Queen's University - Utility Bar

QSpace at Queen's University >
Theses, Dissertations & Graduate Projects >
Queen's Theses & Dissertations >

Please use this identifier to cite or link to this item: http://hdl.handle.net/1974/447

Title: The direct and moderating effect of bullying on adolescent health
Authors: Rahey, Leila (Leila Anne), 1971-

Files in This Item:

File Description SizeFormat
Rahey_Leila_A_200710_PhD.pdf269.8 kBAdobe PDFView/Open
Keywords: Bully
Victim
Adolescence
Health psychology
Aggression
Sexual activity
Dating violence
Physical activity
Issue Date: 2007
Series/Report no.: "Canadian theses"
Abstract: In the last two decades, research has established a negative association between involvement in bullying and emotional health difficulties. Few studies, in comparison, explore the relationship between bullying and victimization and physical health. Moreover, studies are lacking on the influence of bullying on health in adolescence. Three studies were conducted to explore the association between bullying and adolescent positive and negative health behaviours. Using an ecological model, we examined the influence of bullying and victimization on physical activity and health status, risky sexual behaviours and sexual coercion, and dating violence perpetration and victimization. Each study explored how bullying influenced the relationship between environmental factors and adolescent health. Results suggest that both bullying and victimization can have a negative influence on risky health behaviours. As well, the findings suggest that relationships with adults may protect youth involved in bullying from negative health experiences. These results support a model of co-occurring health behaviours in youth, including involvement in bullying. Hence, we propose that teen health promotion programs target overall lifestyle choices rather than solely focusing on individual health behaviours. As well, we recommend that bullying prevention programs need to address engagement in unhealthy habits during adolescence, while being sensitive to the complex relationship between environmental and bullying factors that can influence physical health in adolescence.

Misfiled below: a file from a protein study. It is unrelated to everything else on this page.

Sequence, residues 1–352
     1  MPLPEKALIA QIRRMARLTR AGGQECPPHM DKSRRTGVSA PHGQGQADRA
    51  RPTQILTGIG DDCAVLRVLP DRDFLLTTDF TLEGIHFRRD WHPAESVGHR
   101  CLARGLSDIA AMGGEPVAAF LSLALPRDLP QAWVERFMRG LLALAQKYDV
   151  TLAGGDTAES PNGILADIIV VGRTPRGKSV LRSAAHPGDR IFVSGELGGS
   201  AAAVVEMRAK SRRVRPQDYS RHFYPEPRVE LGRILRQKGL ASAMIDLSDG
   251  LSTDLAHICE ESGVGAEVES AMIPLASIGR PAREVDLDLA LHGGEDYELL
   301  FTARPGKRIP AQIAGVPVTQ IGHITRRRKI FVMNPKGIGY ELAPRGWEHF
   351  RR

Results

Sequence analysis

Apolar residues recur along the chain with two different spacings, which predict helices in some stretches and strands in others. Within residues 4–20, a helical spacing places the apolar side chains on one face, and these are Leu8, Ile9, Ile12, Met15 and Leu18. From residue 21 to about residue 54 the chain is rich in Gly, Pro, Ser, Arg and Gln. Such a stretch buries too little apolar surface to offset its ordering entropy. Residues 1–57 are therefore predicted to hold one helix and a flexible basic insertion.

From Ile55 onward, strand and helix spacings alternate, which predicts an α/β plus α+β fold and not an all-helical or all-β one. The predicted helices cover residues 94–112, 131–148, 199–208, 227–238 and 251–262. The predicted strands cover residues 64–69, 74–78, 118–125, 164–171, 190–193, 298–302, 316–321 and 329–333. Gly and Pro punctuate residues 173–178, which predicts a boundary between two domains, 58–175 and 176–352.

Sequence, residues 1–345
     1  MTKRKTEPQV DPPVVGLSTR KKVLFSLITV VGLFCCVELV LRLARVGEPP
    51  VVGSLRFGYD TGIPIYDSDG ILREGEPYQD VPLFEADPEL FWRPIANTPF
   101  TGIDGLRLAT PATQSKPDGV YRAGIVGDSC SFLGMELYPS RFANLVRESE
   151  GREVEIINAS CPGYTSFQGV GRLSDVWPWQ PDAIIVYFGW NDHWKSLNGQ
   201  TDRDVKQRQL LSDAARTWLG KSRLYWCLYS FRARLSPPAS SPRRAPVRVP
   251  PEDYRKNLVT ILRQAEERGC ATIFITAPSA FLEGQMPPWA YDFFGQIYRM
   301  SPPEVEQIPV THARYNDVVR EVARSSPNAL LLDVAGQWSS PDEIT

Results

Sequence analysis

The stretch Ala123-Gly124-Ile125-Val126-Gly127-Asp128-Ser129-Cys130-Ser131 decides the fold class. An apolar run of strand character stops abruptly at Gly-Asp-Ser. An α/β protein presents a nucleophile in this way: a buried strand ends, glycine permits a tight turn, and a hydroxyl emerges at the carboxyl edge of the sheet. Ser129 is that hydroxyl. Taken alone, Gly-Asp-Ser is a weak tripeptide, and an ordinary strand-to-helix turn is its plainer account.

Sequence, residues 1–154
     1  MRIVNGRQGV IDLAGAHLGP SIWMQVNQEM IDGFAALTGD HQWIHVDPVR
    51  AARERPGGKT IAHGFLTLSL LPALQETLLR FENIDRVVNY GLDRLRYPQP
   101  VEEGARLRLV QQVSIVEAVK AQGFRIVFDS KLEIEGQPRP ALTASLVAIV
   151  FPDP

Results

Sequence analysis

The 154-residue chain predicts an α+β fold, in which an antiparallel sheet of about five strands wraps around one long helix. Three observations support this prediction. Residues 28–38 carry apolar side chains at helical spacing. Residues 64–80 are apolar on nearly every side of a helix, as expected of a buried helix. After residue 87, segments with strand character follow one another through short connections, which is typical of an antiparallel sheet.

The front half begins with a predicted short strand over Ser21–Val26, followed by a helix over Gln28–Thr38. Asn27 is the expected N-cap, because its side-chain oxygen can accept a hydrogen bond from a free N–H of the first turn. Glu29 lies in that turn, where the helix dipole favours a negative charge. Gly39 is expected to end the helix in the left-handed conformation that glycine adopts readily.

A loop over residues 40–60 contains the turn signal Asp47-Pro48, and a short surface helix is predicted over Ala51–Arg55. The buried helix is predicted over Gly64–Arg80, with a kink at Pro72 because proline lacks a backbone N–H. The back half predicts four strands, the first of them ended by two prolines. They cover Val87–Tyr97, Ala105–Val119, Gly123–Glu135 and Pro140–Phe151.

Description: Thesis (Ph.D, Psychology) -- Queen's University, 2007-07-18 21:11:08.184
URI: http://hdl.handle.net/1974/447
Appears in Collections:Psychology Graduate Theses
Queen's Theses & Dissertations

Items in QSpace are protected by copyright, with all rights reserved, unless otherwise indicated.

 

  DSpace Software Copyright © 2002-2008  The DSpace Foundation - TOP